Pubdate: Mon, 29 May 2017
Source: National Post (Canada)
Copyright: 2017 Canwest Publishing Inc.
Author: Brian Cross
Page: A8


Author cites 'toxic' effect on developing brain

The interim editor-in-chief of the Canadian Medical Association
Journal is pleading for the defeat of a federal government plan to
legalize marijuana, fearful youth will have easier access to a drug
that damages their developing brains.

"Simply put, cannabis should not be used by young people," Dr. Diane
Kelsall writes in an editorial published Monday in the journal. "It is
toxic to their cortical neuronal networks, with both functional and
structural changes seen in the brains of youth who use cannabis regularly."

Bill C- 45, if passed, would make marijuana use legal for adults aged
18 and over. Yet current research shows the brain doesn't reach
maturity until around age 25, Kelsall notes in the editorial.

A Canadian Pediatric Society position paper on the effects of cannabis
on children and youth cites such serious potential effects as:
increased presence of mental illness, including depression, anxiety
and psychosis; diminished school performance and lifetime achievement;
increased risk of tobacco smoking; impaired neurological development
and cognitive decline; and a risk of addiction.

The nine-per-cent risk of developing dependence over a lifetime
rises to 17 per cent if marijuana use started in the teen years.

"Most of us know a young person whose life was derailed because of
marijuana use," Kelsall writes. In a phone interview Friday, she said
while some young people use marijuana without problems, there are
vulnerable ones whose lives are permanently damaged. For some, it can
become a gateway to more serious drugs.

"You can end up with a bright boy or girl with promise, who's ended up
basically on the fringes of society," said Kelsall, who has dealt with
these teens in her family practice and personally.

"That is why I wrote this editorial. My worry is this legislation will
increase the likelihood that kids who are vulnerable will have easier
access to marijuana."

Bill C- 45 and associated changes to the Criminal Code would make it
possible for anyone who sells marijuana to youth to be sentenced to up
to 14 years in jail, and would introduce tougher measures for driving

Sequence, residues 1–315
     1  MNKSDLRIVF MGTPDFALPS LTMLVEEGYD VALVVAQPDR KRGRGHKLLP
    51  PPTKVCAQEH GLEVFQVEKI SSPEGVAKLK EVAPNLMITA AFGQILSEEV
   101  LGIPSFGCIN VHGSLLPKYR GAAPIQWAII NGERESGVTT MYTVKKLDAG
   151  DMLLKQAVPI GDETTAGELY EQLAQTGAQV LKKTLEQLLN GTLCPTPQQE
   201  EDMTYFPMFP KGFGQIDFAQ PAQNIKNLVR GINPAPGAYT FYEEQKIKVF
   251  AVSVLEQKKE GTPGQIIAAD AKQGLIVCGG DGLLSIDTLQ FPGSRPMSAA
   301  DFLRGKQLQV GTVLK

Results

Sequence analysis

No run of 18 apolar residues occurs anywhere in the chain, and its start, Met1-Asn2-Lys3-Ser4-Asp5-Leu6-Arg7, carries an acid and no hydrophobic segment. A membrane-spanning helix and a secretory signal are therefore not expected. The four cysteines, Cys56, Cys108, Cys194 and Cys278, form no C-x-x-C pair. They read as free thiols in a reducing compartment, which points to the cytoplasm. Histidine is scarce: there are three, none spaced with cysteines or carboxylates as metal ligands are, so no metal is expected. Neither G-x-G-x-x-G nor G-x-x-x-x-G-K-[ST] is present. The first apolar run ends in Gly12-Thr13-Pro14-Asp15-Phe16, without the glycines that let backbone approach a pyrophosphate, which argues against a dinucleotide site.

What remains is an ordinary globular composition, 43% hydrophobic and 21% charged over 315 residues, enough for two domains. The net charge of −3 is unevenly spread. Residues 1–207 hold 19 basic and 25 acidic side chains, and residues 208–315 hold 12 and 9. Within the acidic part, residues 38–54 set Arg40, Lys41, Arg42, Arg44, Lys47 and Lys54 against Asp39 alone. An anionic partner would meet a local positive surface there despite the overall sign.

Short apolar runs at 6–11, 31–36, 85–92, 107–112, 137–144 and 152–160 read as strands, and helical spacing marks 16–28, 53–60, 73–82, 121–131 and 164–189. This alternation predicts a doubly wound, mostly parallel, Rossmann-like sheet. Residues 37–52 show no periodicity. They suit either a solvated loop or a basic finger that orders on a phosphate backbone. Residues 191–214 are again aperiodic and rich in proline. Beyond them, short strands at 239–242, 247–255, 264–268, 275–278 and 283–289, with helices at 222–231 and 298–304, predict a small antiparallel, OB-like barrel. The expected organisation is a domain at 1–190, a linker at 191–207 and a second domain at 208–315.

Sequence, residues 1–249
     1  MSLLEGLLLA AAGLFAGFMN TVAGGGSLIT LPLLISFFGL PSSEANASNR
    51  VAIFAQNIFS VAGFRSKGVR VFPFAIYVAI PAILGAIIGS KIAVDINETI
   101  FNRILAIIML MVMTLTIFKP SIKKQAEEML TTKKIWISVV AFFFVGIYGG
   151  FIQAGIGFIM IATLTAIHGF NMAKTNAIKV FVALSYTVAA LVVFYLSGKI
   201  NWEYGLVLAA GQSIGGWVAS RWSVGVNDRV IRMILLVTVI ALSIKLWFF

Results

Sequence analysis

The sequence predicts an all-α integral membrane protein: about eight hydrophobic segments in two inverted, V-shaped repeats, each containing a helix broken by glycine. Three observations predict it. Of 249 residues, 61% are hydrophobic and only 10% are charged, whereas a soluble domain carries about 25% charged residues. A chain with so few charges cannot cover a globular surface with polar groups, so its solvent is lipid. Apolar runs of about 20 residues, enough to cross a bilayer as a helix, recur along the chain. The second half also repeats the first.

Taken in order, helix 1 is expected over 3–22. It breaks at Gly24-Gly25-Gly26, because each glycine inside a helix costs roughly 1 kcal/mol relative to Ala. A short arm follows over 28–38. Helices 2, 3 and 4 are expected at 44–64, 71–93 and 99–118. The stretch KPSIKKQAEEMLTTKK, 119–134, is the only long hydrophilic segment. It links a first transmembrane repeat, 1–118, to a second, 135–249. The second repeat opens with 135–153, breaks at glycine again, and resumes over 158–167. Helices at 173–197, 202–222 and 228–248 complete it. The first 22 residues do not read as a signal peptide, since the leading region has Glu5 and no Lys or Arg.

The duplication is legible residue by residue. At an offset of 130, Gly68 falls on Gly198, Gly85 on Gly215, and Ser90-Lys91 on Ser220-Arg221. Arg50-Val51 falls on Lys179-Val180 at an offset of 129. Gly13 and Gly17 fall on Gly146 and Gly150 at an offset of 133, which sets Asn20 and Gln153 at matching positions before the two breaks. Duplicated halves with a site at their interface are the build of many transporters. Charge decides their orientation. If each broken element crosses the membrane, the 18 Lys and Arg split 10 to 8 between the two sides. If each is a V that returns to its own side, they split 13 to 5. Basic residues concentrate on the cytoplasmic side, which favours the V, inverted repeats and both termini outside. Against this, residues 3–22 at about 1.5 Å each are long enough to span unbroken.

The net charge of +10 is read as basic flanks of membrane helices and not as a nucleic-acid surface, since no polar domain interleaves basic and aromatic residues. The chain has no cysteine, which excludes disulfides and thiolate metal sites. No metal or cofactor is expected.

under the influence.

The government has stressed its bill is meant to prevent youth from
accessing cannabis, which youth are already obtaining illegally. In
2010, Canadian youth were ranked No. 1 for cannabis use among 43
countries in Europe and North America. One-third of them had tried it
at least once by the time they reached 15.

But Kelsall said that while the government says the bill tackles the
legalization from a public health perspective, it doesn't.

The bill allows people to grow up to four plants for personal use, as
long as they're no more than one metre tall.

"If it's a public-health approach, why would you have that available
in people's homes," she asked. "What is going to happen over time is
you're going to have people with four very, very (potent) plants and
there's no way that you would know that youth aren't accessing those

She said studies looking at MRIs show definite changes in the brains
of people who smoke marijuana. The link to mental-health problems is
particularly concerning, she writes, noting that while there's no
causal link, "there is a higher risk of having these mental-health
disorders" among young people who smoke marijuana.

The Canadian Medical Association has recommended the government raise
the legal age for buying marijuana to 21, and restrict the quantity
and potency of the marijuana available to those under 25. Kelsall
called those "pragmatic recommendations" that balance the need to
protect the developing brains of young people with the reality that
young people who can't buy it legally will buy it from illegal sources.
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